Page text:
Drug dogs have been trained to find narcotics. This means that the dog might alert its leader to narcotics through their odor rather than their actual presence. This can pose a problem for many reasons; most notably because the improper use of drug sniffing dogs can violate a U.S. citizen’s 4th amendment right.

Experienced drug possession lawyers have likely had many cases that involve drug sniffing dogs. Often the individual was stopped with large amounts of cash or narcotics. In some cases, the dog was alerted because of the odor of narcotics, then led the police to actual drugs. In other cases, the dog was alerted to an odor, but no narcotics were ever found. Law enforcement personnel will often claim that rather than this type of search being a false alert, the dog was alerted to trace amounts of drugs that were once present in that area. 

In a case like this, a good drug lawyer, like a drug lawyer in San Francisco, CA, might inquire about the use of various technologies, such as ion scanners, to detect substances in parts per million. It is not uncommon for police to fail to confirm the odor through any other means apart from the drug sniffing dog. One might wonder why this technology is not used. The answer is likely because it would be able to prove that some of the drug dog alerts are false. In other words, police only need an alert from the dog to establish a potential presence of narcotics. If further technology was utilized, it could actually disprove the reliability of the dog. 

Alert and Indication

In many jurisdictions, the police go off of an alert or indication. These are behaviors exhibited by the dog and consistent with the presence of narcotics. 

  • Alert – Alert generally refers to an aggressive behavior exhibited by the dog. It may suggest the dog is interested in the area that is being searched for, but is not considered to be probable cause.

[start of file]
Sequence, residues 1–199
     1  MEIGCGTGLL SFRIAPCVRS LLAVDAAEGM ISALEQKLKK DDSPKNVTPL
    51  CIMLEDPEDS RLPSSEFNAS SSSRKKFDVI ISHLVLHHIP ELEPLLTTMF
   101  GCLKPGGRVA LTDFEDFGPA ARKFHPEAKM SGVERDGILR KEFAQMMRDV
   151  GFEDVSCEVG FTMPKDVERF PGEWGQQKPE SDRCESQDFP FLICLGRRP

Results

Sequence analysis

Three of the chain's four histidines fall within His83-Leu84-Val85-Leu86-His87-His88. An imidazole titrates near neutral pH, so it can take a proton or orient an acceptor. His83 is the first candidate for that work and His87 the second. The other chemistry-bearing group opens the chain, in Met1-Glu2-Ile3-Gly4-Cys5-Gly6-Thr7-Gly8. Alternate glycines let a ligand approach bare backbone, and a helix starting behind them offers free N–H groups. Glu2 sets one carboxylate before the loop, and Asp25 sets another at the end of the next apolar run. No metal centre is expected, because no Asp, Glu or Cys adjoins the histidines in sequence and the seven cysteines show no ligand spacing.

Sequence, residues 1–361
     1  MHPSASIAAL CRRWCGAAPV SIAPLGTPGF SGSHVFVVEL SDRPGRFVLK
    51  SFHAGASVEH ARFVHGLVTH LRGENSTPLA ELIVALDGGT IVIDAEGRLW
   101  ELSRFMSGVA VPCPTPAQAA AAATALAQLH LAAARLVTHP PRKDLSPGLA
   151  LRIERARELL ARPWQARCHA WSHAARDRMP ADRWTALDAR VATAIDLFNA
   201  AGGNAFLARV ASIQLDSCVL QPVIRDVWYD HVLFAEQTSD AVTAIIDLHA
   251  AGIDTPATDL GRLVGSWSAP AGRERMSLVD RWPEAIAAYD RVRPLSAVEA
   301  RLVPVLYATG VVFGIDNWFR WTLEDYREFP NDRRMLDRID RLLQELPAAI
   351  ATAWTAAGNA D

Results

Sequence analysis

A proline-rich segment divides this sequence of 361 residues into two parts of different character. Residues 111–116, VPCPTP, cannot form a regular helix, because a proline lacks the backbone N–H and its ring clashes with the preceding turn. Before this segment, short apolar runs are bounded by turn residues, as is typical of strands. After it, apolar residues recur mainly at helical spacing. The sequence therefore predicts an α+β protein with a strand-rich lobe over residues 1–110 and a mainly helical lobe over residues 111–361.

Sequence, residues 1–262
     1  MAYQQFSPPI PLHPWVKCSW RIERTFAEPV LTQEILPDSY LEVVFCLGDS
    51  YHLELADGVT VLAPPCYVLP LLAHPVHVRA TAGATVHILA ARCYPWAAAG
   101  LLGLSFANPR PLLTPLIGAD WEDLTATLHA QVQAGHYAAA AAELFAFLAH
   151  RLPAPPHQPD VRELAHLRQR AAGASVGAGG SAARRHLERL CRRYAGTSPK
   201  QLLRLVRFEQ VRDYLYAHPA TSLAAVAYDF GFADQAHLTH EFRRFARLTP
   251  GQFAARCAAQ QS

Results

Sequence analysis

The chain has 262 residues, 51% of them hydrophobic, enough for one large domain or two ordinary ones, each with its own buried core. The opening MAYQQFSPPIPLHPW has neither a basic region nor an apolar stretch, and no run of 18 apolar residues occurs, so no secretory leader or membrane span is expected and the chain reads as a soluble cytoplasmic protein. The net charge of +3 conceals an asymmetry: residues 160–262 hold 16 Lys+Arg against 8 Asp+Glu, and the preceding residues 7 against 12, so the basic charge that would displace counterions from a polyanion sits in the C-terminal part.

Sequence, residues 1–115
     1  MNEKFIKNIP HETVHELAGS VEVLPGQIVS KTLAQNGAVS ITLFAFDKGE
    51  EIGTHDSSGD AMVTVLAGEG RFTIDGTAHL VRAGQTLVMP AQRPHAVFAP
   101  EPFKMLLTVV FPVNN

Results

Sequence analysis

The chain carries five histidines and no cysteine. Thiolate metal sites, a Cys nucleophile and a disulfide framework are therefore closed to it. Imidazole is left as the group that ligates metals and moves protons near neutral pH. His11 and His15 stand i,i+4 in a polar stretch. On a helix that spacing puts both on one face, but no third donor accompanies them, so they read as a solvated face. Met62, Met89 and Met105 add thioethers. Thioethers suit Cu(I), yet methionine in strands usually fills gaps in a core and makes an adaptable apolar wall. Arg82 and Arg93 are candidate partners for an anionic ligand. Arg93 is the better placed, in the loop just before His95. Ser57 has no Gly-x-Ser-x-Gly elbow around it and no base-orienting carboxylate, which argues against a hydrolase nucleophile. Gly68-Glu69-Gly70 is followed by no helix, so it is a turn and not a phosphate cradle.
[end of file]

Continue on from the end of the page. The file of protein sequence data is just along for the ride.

• Indication – When the drug sniffing dog exhibits an indication of drugs being present it may be enough for police to investigate further. Bear in mind, if the dog only alerts but does not indicate, police are generally not allowed to search the area. If the dog barks, scratches, sits down, or displays another trained behavior in the suspected area, it may be an indication of drugs. 

There are cases in which a dog alerted police, but did not display their trained behavior that is required for an indication. For instance, if the dog was trained to bark in the presence of drugs but only sat down, a police officer might argue that sitting down was enough to qualify as an indication. A good drug possession lawyer might argue that this claim defies logic as the dog was not trained to sit; therefore, it did not do what it was supposed to do. In this case, there could be enough grounds for a dismissal. 

The best drug possession lawyers will remain skeptical and continuously look for logical ways to challenge evidence. When drugs have been found by a drug sniffing dog, it doesn’t mean the dog found them correctly. If you believe your car, home, or office was unlawfully searched because of a false alarm by a drug dog, call a drug possession lawyer today. 



Thanks to The Morales Law Firm for their insight into how drug dogs work and how a drug possession lawyer could help if you were charged with possession.